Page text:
Yaw Owusu - Reflections from the (In)Visible Past: London, UK
Gallery 1957, London is pleased to present Reflections from the (In)Visible Past, a solo exhibition of new work by artist Yaw Owusu curated by Kilolo Luckett. Owusu’s second solo exhibition with the gallery and first in London, the exhibition features some of the artist’s most ambitious works to date - demonstrating an expansion of scale, depth and concept.
A Penny for Your Thought
Yaw Owusu’s new series of monumental sculptures feature dynamic, abstract geographies that interrogate systems of value, mobility, and power. Composed mainly of Ghanaian pesewa coins, pennies from the United States of America, and repurposed steel, Yaw skillfully uses various domestic liquids and compounds to dye the surfaces of different currency and industrial metals. Eschewing the brush, he uses alchemy to paint the surfaces of coins, which results in a range of kaleidoscopic colors that reflect, change, and disappear when exposed to different lighting conditions. The complex surfaces of his materials powerfully allude to hidden, erased, and visible labor of Black people across global histories.
Yaw’s iridescent, futuristic forms made of malleable and rigid materials serve as sites of unsettled, contested, and fictitious histories perpetrated by modern day colonialism.
Created during the period of lockdown and social activism in the United States, the sculptures in Yaw Owusu: Reflections from the (In)Visible Past foreground the resilience, resistance, and legacy of people of African descent. In Black Wall Street, 1921 – 2021, Yaw pays tribute to the hundreds of African Americans who were murdered by a mob of white supremacists in 1921 in Tulsa, Oklahoma. Known as the Tulsa Race Massacre, jealous of Black Tulsans, white rioters looted and burned down the Greenwood District, a vibrant, Black business district. For Black Wall Street, his largest work in the exhibition, Yaw overlayed aerial maps of Greenwood from the past hundred years. Masses of grey coins grouped together forming the likeness of ashes – evidence of the burned wreckage, the violence and hostility against Black people within the legacy of white supremacy. Burnished golden steel triangles wrap around woven strips of malleable silver to create a protective force field honoring the women, men, and children whose lives were senselessly taken. Yaw creates a dialogue that brings the weighted body of Blackness to bear. Within the space of manipulated currency and the history of relegating Blacks to the economic and social margins Black people played a central role to building the wealth of Europe and the Americas. Yaw’s work gives testimony to the energy and strength that Black people carry throughout generations.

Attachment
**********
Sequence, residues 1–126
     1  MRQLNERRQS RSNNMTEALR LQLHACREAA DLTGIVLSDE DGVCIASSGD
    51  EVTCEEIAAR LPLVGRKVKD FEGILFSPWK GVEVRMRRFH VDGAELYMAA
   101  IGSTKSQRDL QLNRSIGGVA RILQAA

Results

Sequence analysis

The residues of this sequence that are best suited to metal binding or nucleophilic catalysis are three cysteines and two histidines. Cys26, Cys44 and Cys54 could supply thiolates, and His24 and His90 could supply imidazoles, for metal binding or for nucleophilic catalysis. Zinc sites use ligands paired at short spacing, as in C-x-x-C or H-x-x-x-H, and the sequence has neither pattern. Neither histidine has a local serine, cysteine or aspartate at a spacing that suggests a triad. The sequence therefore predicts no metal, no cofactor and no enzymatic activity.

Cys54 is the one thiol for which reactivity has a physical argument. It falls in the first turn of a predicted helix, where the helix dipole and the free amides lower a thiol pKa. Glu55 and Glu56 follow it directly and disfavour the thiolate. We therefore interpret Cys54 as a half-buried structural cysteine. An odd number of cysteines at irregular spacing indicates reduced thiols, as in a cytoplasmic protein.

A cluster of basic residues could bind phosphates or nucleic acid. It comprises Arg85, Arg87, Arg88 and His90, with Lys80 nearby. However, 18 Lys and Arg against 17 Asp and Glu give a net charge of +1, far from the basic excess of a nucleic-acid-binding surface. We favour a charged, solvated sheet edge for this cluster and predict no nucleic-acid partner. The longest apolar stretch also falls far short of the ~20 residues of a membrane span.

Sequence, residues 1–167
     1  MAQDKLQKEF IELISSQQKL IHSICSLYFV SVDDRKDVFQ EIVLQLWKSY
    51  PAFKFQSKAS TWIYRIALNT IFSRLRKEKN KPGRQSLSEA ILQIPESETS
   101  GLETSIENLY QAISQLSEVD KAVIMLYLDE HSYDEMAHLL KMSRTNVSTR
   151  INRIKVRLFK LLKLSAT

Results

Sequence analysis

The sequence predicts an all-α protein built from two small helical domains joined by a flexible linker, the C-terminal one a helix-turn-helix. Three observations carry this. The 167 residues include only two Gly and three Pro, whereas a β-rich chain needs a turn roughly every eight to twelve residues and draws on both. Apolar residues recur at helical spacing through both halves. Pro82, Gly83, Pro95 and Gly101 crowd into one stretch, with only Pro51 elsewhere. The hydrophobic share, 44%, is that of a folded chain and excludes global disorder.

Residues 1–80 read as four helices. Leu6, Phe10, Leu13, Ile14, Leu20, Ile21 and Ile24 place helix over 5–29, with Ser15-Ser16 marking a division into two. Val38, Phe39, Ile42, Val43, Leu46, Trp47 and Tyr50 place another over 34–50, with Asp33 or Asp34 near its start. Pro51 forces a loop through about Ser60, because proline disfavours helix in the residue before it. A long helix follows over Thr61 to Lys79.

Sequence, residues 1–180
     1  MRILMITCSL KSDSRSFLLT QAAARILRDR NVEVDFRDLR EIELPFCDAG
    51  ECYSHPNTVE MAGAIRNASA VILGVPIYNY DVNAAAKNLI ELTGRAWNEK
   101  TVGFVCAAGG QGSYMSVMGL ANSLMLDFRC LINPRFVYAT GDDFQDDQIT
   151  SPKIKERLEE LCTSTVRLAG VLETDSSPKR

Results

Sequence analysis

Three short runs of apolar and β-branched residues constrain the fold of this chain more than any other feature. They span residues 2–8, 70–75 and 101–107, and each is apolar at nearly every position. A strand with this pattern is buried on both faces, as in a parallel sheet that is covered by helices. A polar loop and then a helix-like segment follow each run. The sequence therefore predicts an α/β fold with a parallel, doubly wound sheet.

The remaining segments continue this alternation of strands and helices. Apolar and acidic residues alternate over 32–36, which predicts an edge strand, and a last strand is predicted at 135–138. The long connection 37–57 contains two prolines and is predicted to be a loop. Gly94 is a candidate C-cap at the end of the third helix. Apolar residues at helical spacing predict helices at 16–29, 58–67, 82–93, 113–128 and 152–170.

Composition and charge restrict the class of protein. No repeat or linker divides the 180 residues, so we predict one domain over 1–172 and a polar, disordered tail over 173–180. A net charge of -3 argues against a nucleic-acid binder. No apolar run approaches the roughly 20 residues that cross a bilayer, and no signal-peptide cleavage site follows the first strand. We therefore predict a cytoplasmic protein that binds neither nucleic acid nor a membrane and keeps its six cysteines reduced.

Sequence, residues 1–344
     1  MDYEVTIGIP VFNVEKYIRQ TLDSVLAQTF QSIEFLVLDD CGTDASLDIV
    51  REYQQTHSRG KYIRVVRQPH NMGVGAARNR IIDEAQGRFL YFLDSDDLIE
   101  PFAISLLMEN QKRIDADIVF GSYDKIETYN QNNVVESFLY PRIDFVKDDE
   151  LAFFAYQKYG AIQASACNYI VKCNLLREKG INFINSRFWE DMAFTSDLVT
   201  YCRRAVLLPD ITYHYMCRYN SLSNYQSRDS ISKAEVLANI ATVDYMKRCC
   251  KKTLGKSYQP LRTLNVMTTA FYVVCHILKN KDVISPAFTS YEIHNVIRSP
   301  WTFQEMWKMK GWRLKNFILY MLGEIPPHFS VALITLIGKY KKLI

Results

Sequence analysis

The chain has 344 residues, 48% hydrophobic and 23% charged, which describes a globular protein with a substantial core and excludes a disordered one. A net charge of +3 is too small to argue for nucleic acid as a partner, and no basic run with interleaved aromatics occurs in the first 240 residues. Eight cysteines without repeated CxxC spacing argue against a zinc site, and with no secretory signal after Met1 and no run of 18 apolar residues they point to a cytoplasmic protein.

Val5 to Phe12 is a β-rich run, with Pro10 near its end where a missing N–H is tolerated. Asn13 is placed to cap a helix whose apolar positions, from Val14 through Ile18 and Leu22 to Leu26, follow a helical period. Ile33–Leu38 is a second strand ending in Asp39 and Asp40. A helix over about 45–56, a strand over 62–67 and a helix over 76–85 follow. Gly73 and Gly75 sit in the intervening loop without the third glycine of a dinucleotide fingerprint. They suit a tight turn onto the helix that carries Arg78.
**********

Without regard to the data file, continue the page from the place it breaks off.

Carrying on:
An excerpt from the curatorial essay by Kilolo Luckett.